When Queen Marie Antoinette was told about peasants’ lack of bread just before the French revolution, she reportedly suggested “Why don’t they eat cake?” Nowadays, more adults are obese than underweight and obesity kills three times as many as malnutrition. Even though the plight of the common (wo)man has improved much over the last two centuries, in many areas inequality is still comparable to 18th-century France. The current rise of populism involves many verbal attacks on the elites; how big is the risk that they end up under a 21st-century guillotine?
To answer this question, The New Normal will analyse trends in Society, Finance and Technology. Our articles and photographs in print, as well as videos and podcasts in our digital publication, will deconstruct utopian and distopian scenarios, including successful redistribution and a modern-day storming of the Bastille. We will rationally assess the likeliness and impact of these trends and scenarios, in order to arrive at concrete opportunities and threats on the lives of our readers: should they move to less unequal countries? Or should they join the modern elite?
The rise of populism is widely seen as a symptom of a crisis in liberal democratic Society. Even though it has been clear to everybody for decades that a large chunk of the population hasn’t benefited from free markets and globalization, traditional political parties haven’t improved their plight. The rise of populism therefore isn’t that surprising; the impact of populist policies on the common (wo)man however remains a source of great uncertainty. What if populists do not succeed – will disappointed voters turn to strong-man systems like Turkey and Russia? Or will conventional politicians come to their senses and devise innovative solutions?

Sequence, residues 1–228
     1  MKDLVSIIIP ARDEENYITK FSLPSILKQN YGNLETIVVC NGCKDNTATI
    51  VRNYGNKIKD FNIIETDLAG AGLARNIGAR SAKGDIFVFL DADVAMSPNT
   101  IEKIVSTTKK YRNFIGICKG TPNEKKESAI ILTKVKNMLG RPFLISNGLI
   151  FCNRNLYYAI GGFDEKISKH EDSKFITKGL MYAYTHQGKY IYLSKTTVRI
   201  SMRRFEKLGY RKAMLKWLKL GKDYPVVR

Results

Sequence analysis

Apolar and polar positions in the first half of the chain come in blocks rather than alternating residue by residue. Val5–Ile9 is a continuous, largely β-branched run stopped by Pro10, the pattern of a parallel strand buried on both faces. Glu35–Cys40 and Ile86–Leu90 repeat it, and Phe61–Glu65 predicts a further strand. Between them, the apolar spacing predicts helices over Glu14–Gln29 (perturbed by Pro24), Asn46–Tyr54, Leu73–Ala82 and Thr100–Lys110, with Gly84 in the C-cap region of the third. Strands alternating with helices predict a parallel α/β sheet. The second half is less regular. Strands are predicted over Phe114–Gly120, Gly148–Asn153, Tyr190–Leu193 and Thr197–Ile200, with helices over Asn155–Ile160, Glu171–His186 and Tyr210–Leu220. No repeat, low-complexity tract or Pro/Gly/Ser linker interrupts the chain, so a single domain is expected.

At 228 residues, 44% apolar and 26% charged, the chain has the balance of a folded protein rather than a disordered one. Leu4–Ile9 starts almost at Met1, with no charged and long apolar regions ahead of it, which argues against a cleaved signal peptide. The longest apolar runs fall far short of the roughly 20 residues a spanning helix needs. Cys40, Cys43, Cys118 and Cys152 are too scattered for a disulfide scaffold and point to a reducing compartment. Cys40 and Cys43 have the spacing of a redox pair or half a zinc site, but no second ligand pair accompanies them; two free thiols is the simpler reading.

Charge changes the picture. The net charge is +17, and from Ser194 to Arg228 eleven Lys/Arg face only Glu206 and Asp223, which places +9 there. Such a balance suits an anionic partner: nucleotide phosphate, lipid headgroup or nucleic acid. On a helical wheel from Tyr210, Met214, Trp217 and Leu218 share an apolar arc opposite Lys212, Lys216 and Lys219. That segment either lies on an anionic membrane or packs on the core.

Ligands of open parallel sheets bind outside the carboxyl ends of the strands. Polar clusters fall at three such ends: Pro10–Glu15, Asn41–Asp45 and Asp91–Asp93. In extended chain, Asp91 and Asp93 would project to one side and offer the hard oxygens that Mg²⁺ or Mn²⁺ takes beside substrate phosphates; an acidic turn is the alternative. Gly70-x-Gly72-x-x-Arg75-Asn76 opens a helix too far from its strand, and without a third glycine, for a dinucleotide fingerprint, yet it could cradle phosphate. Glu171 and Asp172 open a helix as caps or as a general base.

The problem is most clearly visible from a Financial perspective: even though companies and their owners have after the banking crisis turned back to producing record profits, disposable income of ordinary citizens has been under pressure for most of the past decade. The welfare state is under pressure from increased sovereign debt, low interest rates and ageing populations. Efforts to force global corporates out of tax havens have up to now produced only moderate successes. Will citizens, states and corporations manage to balance the budget and distribute profits more evenly? Or will European and American states end up like Marie Antoinette, who by the end of her life was known as Madame Déficit?
Deregulation and the web have since the 90s enabled an unprecedented mobility of capital. They were initially celebrated as expressions of freedom and democracy, providing everybody access to new opportunities. Today, freedom of expression has lead to online misbehaviour and fake news, whereas innovative business models have concentrated wealth in the hands of a small global tech-elite. Will technology provide more entrepreneurs, professionals and freelancers with a larger portion of the cake? Or has Technology just changed the faces of the global elite?